Sunday, October 26, 2014

Rewiring Genre: On Linda Williams' On The Wire



Like many fans of The Wire I have a fantasy of re-watching the entire series from beginning until the end. It is something that I will do someday, once I can clear my schedule enough for multiple nights on end of three hours plus of watching. Until then reading something like Linda Williams’ On The Wire is perhaps the next best thing. It makes it possible to revisit the series without revisiting the trials and tribulations of binge watching.



Williams is not just interested in offering some kind of trip of television nostalgia, there is, of course, an argument here. Williams’ is primarily concerned with the question of genre, and in doing so she takes on two of the things most often said about The Wire by its fans. The first, which is not directly an argument about genre, is the show’s supposed realism. Much could be said about this “reality effect,” the manor in which the show seems to convince many of the accuracy of a world that they will never know. It is easy to remember the show’s inclusion on the list of Stuff White People Like and dismiss it at that, but even the show’s label as realistic reveals something about the dark underside of the American imaginary. To say that the show is “realistic” is to say that it includes everything that is excluded from the dominant representation of the US. It is to admit that everything else, representations of cops and cities from the network dramas to the news, is fantasy. The second, and more substantial argument that is offered in terms of the show and genre is the claim that the show is a modern tragedy. This is a claim made not by its audience, but its creator. As David Simon states in an interview in TheBeliever, But instead of the old gods, The Wire is a Greek tragedy in which the postmodern institutions are the Olympian forces. It’s the police department, or the drug economy, or the political structures, or the school administration, or the macroeconomic forces that are throwing the lightning bolts and hitting people in the ass for no decent reason."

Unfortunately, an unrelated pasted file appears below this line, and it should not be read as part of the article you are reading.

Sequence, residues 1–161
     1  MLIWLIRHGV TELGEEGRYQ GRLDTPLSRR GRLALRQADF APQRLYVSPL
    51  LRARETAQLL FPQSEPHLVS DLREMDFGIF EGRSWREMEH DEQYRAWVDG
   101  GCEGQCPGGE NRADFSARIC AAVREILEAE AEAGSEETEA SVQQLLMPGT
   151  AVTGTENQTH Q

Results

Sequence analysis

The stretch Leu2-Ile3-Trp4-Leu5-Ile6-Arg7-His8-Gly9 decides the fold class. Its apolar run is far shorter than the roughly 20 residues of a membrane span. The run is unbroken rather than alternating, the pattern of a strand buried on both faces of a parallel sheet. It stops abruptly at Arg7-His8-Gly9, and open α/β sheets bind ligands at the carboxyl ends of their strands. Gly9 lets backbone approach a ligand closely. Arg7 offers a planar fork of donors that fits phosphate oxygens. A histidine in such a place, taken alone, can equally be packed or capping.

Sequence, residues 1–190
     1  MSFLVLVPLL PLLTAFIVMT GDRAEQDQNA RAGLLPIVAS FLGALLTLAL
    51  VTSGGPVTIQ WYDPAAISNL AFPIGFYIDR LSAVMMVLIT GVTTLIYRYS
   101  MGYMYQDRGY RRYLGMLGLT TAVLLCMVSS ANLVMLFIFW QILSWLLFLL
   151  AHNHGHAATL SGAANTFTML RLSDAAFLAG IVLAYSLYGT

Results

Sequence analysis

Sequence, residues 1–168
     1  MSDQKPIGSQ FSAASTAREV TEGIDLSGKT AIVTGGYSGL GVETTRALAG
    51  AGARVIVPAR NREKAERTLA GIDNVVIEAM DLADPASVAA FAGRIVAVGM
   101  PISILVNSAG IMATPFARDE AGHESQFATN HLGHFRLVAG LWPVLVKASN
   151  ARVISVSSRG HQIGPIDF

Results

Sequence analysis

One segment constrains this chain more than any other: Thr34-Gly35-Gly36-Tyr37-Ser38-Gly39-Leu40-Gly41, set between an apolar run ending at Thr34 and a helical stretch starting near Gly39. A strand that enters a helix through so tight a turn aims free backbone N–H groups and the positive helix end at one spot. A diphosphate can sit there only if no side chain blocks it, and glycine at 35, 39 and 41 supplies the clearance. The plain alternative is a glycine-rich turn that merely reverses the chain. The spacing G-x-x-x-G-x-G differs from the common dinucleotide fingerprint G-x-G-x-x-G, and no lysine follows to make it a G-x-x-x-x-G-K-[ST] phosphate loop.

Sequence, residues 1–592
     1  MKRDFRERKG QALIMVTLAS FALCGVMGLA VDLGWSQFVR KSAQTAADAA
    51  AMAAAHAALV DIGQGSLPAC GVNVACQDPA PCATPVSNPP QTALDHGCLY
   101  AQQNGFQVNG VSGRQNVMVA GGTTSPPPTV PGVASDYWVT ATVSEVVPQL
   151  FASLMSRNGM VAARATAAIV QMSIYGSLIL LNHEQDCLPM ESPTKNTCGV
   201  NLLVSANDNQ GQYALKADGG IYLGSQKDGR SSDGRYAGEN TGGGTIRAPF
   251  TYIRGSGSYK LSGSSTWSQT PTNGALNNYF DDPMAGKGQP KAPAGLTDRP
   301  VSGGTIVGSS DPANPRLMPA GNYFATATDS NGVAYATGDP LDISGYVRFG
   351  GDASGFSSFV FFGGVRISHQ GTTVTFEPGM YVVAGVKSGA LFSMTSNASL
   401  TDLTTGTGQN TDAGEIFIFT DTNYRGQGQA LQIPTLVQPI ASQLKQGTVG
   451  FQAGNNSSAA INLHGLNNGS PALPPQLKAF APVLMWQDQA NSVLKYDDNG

Williams claim is that the show is a melodrama. At first I must admit that I found this claim off putting and confusing. Melodrama always brings to mind Douglas Sirk and technocolor pathos. Part of Williams' claim on this term, and her attempt to salvage it, has to do with the way in which the suffering of melodrama is always tied to the demand for justice. Unlike tragedy, in which fate is affirmed, and a cruel universe crushes those who would oppose it, melodrama only works if there is some affirmation of justice. Melodrama receives its pathos from the injustice of the world. Having said that, The Wire differs from a great deal of conventional melodrama. Virtue is not always rewarded and there are no benevolent uncles, inspirational teachers, or other heroes to rescue anyone. The Wire continually comes close to some of the clichés of melodrama, the white teacher in an inner city school, the cop seeking redemption, etc., only to subvert them at the last minute, affirming the indifference of the institution to the intentions of the individual. The Wire is both a moral story, a story of redemption and salvation for its characters and a story of the indifference of the world to such matters. The Wire does not so much fit into melodrama as a genre, but stretch it, giving us new heroes outside the realm of standard identifications, and new villains--less individualistic and more structural. As Williams’ writes, “The quest to recognize a good that is no longer self-evident in a neoliberal era is the dilemma of this series.”